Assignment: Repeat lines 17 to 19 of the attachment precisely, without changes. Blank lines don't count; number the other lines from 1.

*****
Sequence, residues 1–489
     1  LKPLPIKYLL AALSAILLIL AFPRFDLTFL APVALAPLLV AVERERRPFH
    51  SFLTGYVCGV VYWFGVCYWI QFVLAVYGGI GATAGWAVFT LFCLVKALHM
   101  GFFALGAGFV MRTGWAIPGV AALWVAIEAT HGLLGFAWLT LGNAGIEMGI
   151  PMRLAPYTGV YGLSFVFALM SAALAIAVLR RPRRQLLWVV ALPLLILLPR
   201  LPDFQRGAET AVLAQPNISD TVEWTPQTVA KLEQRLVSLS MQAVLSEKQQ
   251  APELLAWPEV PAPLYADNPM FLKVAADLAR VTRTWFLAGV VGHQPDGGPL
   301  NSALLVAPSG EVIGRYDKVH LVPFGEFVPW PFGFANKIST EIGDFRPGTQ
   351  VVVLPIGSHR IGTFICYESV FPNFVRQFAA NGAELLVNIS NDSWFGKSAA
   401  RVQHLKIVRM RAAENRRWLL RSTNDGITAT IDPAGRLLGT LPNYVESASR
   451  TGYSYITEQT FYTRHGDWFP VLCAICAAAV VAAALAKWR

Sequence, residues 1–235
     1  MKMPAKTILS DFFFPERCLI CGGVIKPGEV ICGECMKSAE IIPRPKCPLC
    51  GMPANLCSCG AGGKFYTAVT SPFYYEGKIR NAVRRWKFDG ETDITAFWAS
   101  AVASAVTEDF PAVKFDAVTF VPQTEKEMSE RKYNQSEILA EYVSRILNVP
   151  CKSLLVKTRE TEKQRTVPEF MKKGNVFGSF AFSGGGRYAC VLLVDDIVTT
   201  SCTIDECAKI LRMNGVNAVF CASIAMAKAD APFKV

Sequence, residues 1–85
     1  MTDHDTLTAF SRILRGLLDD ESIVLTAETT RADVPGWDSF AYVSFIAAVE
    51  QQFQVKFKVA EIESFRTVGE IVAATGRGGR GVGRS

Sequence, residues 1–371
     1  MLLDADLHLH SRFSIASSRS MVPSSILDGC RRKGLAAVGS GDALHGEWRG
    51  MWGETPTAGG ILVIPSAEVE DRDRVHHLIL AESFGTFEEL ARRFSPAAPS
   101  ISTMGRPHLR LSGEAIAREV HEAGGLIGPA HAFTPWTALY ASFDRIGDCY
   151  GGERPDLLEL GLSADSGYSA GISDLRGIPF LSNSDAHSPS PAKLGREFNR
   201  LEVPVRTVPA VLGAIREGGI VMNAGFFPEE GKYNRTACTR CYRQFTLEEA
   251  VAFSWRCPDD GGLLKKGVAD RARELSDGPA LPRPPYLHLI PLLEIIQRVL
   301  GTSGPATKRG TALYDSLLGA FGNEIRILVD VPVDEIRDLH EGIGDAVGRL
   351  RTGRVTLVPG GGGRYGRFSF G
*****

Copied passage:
   201  SCTIDECAKI LRMNGVNAVF CASIAMAKAD APFKV

Sequence, residues 1–85
     1  MTDHDTLTAF SRILRGLLDD ESIVLTAETT RADVPGWDSF AYVSFIAAVE